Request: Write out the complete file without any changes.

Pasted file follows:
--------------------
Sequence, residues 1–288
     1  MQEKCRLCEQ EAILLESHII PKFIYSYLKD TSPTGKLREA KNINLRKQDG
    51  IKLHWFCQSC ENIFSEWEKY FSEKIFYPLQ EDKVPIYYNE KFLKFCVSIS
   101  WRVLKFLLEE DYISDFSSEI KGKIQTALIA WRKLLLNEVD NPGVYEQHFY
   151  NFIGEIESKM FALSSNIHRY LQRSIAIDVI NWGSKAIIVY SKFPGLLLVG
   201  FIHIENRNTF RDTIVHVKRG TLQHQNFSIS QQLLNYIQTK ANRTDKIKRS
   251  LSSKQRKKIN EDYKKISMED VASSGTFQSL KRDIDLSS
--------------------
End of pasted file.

Sequence, residues 1–288
     1  MQEKCRLCEQ EAILLESHII PKFIYSYLKD TSPTGKLREA KNINLRKQDG
    51  IKLHWFCQSC ENIFSEWEKY FSEKIFYPLQ EDKVPIYYNE KFLKFCVSIS
   101  WRVLKFLLEE DYISDFSSEI KGKIQTALIA WRKLLLNEVD NPGVYEQHFY
   151  NFIGEIESKM FALSSNIHRY LQRSIAIDVI NWGSKAIIVY SKFPGLLLVG
   201  FIHIENRNTF RDTIVHVKRG TLQHQNFSIS QQLLNYIQTK ANRTDKIKRS
   251  LSSKQRKKIN EDYKKISMED VASSGTFQSL KRDIDLSS